Sandra Driscoll, 47, lost her long blonde hair in patches after she fell ill with pneumonia in 1998.

Sandra, who works as a clerk, says: "I used to dread brushing my hair and it would just fall out in clumps in the shower and on to my pillow."

Her GP could do nothing for her, but trichologist - or hair specialist - Andrew Bervie diagnosed a lack of iron. Sandra was one of the lucky ones - after a course of supplements and, 18 months later, her hair is strong and healthy again.

Sandra says: "I thought it would never grow back, but Andrew told me the cause was a nutritional deficiency and that it would grow back once the imbalance was sorted."

Dr Bervie says: "Up to 30 per cent of Western women are affected by genetic hair loss - and 72 per cent of these also have a nutritional imbalance."

He adds: "Iron deficiency leads to hair loss, but if the iron deficiency is corrected, hair growth will start. This can be done through carefully- balanced nutritional supplements."

Pioneering trichologist Dr Hugh Rushton says: "Research has shown that a large proportion of women reporting hair loss had low ferritin (iron) levels compared with women without hair loss.

"The main reason is a loss of blood during menstruation, which is just enough to cause a gradual depletion of iron stores, particularly in women who eat little or no red meat.

"Low iron intake has been known for some time to be a potential problem for millions of women, but it is only now that it is recognised that this factor can contribute to increased hair shedding, and that this condition is really quite common."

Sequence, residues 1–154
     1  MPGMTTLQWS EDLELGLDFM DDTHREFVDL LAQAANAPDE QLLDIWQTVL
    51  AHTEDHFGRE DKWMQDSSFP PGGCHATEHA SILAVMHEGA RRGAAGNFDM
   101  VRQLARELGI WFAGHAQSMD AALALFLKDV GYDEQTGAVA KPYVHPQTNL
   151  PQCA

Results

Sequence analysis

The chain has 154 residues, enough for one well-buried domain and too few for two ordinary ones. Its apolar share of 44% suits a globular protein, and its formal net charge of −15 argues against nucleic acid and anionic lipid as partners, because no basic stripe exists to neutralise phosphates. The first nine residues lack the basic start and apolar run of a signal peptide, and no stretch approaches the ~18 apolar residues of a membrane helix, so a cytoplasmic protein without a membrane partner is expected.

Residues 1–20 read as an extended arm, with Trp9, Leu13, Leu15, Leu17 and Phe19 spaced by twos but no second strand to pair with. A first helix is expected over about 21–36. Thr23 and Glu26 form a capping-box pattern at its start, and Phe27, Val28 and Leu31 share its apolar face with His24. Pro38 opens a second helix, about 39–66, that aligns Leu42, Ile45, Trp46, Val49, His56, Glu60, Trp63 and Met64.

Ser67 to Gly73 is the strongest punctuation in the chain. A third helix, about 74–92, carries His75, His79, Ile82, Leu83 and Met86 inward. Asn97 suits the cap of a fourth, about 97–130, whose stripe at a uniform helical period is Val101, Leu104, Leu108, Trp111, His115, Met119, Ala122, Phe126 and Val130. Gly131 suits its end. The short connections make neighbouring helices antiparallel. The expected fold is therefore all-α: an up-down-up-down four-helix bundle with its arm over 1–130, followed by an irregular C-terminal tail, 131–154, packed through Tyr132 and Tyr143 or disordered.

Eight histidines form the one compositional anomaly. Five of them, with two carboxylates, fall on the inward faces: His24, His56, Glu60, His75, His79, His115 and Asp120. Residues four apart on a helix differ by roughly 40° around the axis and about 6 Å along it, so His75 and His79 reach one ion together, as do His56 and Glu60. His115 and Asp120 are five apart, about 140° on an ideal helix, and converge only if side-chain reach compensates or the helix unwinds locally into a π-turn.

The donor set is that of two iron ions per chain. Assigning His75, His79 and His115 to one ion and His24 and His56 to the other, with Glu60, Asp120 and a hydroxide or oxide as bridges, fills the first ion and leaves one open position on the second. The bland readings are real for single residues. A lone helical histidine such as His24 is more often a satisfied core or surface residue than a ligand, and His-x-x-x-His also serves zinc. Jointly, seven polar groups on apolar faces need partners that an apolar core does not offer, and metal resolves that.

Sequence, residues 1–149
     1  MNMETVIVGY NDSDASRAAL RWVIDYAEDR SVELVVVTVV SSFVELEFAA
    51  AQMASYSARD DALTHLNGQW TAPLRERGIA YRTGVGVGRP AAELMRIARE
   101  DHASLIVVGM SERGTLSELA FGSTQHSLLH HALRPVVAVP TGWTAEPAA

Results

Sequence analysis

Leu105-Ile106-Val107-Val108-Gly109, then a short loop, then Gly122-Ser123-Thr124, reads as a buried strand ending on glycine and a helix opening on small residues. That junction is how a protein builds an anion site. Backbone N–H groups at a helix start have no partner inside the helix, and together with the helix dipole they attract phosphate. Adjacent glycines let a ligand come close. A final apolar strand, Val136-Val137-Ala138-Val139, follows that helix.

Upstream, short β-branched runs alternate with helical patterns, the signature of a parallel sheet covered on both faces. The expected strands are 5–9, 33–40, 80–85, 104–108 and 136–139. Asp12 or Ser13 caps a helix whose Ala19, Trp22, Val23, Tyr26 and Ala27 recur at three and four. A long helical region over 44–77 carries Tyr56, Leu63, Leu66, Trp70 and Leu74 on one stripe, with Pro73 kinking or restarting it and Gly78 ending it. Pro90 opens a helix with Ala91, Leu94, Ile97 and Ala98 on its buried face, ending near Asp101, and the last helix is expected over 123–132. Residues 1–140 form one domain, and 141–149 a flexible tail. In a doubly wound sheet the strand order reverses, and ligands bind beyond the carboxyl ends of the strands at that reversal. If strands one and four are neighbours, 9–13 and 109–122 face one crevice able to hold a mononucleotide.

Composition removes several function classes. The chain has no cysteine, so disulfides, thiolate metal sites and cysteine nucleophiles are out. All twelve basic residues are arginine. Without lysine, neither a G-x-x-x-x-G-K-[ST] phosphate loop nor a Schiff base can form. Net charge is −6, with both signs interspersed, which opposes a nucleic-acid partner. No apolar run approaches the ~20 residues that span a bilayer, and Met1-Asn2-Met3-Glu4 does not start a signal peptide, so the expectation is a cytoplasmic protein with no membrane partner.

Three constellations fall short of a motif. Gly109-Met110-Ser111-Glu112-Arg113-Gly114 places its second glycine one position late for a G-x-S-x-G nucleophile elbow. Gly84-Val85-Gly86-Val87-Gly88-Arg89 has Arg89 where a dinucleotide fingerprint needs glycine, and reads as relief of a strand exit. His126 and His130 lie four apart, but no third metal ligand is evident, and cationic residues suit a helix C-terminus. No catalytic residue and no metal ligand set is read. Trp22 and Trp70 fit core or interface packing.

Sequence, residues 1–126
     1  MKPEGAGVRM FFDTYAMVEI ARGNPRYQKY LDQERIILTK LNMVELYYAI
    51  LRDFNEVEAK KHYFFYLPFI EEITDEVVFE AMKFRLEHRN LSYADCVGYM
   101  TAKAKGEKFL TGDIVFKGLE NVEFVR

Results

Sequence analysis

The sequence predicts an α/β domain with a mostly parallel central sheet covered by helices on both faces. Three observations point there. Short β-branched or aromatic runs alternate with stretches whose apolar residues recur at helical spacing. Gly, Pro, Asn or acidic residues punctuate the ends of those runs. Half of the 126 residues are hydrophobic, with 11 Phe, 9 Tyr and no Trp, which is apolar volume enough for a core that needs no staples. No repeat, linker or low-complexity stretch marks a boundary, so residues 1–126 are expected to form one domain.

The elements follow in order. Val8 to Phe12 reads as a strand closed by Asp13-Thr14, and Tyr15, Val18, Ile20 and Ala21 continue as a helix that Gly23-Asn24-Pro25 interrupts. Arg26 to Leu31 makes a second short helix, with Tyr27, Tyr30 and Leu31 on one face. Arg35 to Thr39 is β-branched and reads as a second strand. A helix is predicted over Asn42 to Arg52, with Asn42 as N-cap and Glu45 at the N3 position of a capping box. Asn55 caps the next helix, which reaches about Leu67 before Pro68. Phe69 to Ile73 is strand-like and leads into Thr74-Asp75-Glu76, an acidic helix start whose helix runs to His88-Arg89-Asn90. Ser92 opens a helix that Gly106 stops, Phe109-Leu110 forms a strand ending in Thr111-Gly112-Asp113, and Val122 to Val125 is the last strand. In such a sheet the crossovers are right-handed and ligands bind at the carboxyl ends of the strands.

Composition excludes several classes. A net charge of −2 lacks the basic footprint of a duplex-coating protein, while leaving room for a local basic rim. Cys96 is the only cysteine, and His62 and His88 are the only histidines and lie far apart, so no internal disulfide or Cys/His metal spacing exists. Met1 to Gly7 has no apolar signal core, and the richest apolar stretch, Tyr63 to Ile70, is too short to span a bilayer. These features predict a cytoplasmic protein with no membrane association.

Sandra says: "For a woman, losing your crowning glory is one of the worst things that can happen to you. It takes away all your self-esteem - you feel ugly and old.

"You know how awful it is to have a bad haircut or perm, so imagine how much worse it is to go bald."

Call Turvey & Co. wigmakers on 0131-334-0707, and Kavanagh Hairdressing on 0141-552-8651.

THE average head has 100,000 to 120,000 hairs which last for around four years each. You lose 50 to 100 strands a day, although this varies widely from person to person.

Temporary hair loss is different from genetic hair loss or baldness and affects women as well as men.

Causes can include pregnancy and nutrition. As hair is "non-essential" compared to other parts of the body, it is often the first to suffer from a bad diet.

Usually, it will correct itself within a month or so. If it is still falling out after two months, see your GP.

Hair falling out in patches is called alopecia areata and affects three per cent of the population.

Most cases of alopecia - called telogen effluvium - are stress-related. Ironically, one culprit may be the male hormone testosterone.